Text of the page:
As we continue to pioneer the advancement of industry best practices below-the-hook, Danny Bishop reiterates the importance of pre-use inspection.
Most riggers are aware of the need to inspect their slings and rigging hardware every day, before and during their use, which is sometimes called the in-service or frequent inspection. And riggers are normally aware of the need for a thorough inspection, which is sometimes called the periodic inspection, that is required by many standards a minimum of once per year.
However, there is a critical inspection that is often overlooked or ignored by many companies in the various material handling industries, called the initial inspection.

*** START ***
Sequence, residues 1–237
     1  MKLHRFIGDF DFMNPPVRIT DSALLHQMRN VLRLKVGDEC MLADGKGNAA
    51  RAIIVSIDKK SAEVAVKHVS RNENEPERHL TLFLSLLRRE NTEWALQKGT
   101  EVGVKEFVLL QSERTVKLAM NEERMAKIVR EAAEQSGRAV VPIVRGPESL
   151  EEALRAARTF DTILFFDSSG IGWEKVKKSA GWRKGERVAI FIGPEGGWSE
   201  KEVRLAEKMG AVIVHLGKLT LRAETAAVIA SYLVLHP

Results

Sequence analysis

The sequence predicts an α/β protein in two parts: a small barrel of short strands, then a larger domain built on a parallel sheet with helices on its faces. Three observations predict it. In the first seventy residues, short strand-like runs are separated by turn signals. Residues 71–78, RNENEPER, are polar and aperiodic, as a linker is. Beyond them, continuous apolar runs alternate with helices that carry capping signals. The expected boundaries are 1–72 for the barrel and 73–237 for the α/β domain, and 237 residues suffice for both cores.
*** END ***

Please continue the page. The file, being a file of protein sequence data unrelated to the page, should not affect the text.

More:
Have you ever needed to determine the sling length for a desired angle of loading (horizontal sling angle), but perhaps struggled with how to get the correct answer?
How many times on the job site have you seen the riggers place more than two slings into one single point hook with no regard to the fact they may be tip loading, back loading, or even side loading the hook?
Because most of the time the rigger in the field only has one connection point to collect their slings, it is important that they understand best practices for rigging triangles and angles formed.
The rigging triangle is formed any time two or more slings are connected to a load and the other end of the slings are collected in a common point such as a hook, shackle, or ring. Whether the slings are chain, wire rope, or synthetic rope, sling angle best practices are the same.